LOCKHEED MARTIN C-130J ENGINE RECORDS ONE MILLIONTH FLIGHT HOUR
MARIETTA, Ga., 17-APR-06 -- The powerplant for the Lockheed Martin [NYSE: LMT] C 130J Super Hercules transport fleet, the Rolls-Royce AE2100D3 engine, has achieved the milestone of one million flight hours. The AE2100D3 engine is the only powerplant used on the C-130J, and each Super Hercules aircraft is equipped with four of the high wing-mounted U.S.-built turboprop engines.
“The AE 2100 engine is proving itself day after day in the harshest environments around the world,” said David Haines, Lockheed Martin vice president of C-130 programs. “The C-130J is an aircraft that can operate out of austere strips of less than 2,000 feet, with flying ranges of over 4,000 nautical miles with payload. Considering these broad performance envelopes, the C-130J needs a tremendous propulsion system, and this engine provides it.”
The AE 2100D3 is a lightweight, modular turboprop engine flat rated at 5,300 shaft horsepower derated to 4,600 not only providing ample power to the C-130J but also higher reliability. The “common core” AE engine line is manufactured in Indianapolis, Ind. The C-130 has been the world’s primary tactical transport and special mission aircraft since 1956, and it was originally powered by Rolls-Royce (formerly Allison) T56 engines, the progenitor of the AE series of engines. The T56 series of engines also provides power for the Lockheed Martin P-3 Orion maritime surveillance and patrol aircraft.
“This engine is maintaining unparalleled reliability and providing the men and women of the world’s air forces with the power and range needed for today’s emerging threats and new missions. Because of its reliability and flexibility, the C-130J is becoming known as the world’s first responder. The C-130J is currently operated around the world in climates ranging from the dry, hot and dusty environments of Afghanistan and Iraq to flying through hurricanes over the Gulf of Mexico,” said Haines.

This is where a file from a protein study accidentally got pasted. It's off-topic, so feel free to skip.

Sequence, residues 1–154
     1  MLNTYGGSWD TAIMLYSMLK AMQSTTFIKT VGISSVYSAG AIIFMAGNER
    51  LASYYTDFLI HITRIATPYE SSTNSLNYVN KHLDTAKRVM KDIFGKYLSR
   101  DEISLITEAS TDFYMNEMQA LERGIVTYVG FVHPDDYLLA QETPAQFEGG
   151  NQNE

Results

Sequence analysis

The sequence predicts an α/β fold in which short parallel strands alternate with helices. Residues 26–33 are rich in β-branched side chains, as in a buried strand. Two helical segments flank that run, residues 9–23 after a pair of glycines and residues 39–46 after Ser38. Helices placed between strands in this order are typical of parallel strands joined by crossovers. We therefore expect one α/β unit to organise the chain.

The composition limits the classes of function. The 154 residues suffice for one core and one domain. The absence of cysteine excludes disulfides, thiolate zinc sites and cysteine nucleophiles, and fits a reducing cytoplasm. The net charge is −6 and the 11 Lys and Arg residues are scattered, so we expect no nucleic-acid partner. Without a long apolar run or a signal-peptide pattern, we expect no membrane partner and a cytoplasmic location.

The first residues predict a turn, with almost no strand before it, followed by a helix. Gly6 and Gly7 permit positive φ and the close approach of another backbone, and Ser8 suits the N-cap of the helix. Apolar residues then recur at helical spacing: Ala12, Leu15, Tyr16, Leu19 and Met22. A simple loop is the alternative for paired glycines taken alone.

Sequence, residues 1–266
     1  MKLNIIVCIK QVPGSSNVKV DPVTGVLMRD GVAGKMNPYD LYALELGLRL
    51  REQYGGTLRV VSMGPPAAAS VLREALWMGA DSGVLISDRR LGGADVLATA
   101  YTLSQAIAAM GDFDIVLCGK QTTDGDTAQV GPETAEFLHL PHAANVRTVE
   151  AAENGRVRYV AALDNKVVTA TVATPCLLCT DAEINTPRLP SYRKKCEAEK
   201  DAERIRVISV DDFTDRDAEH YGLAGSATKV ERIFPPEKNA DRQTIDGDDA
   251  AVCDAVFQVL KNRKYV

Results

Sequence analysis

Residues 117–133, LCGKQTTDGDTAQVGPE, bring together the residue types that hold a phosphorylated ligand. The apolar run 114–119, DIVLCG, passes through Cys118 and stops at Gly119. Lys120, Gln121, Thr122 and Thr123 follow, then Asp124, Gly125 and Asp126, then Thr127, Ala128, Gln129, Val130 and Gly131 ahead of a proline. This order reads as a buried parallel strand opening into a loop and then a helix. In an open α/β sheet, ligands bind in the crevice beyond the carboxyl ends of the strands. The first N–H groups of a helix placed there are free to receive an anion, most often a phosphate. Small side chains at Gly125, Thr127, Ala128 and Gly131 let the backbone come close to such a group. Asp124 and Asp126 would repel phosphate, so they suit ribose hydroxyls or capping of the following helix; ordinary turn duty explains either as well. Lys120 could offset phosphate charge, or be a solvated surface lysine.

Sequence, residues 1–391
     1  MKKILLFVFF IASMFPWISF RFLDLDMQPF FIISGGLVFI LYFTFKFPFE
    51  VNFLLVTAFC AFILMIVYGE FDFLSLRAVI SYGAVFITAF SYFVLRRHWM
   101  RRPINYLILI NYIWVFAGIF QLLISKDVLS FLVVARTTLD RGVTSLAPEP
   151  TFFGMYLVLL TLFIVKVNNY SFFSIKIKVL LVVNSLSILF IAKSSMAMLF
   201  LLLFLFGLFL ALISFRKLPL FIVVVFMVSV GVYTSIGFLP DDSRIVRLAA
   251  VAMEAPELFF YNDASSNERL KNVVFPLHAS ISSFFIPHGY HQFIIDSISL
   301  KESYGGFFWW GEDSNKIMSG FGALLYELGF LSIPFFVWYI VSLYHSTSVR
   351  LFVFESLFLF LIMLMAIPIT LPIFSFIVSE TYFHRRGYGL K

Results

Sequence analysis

With 250,000 flight hours, the worldwide C-130J fleet daily proves the tremendous change it brings to airlift operations. The C-130J can complete almost twice the lift of older C 130s during a typical crew day. Both combat delivery and tanker versions of the C-130J are achieving record reliability and availability numbers. With mission capable rates as high as 98 percent and greater mission effectiveness, the C-130J is setting new standards for intra-theater airlift.
The C-130J is an affordable airlifter that meets current and emerging threats and is uniquely capable of performing a wide range of missions. Worldwide, operators are seeing the true value of the C-130J which is being used to conduct combat delivery, airdrop, paradrop, special operations, search and rescue, weather reconnaissance, electronic warfare, air-to-air refueling, rapid ground refueling and medical evacuation missions. No other transport aircraft is proving to be as flexible, adaptable or reliable.
A total of 182 C-130Js are on order, and 136 have been delivered to date. In the U.S., Air Force Reserve Command and Air National Guard units fly C-130Js. The Marine Corps operates KC 130J tankers and the Coast Guard flies the HC-130J, which saw extensive service during Hurricanes Katrina and Rita relief efforts. International C 130J operators include the Royal Air Force, Royal Australian Air Force, Italian Air Force, and the Royal Danish Air Force.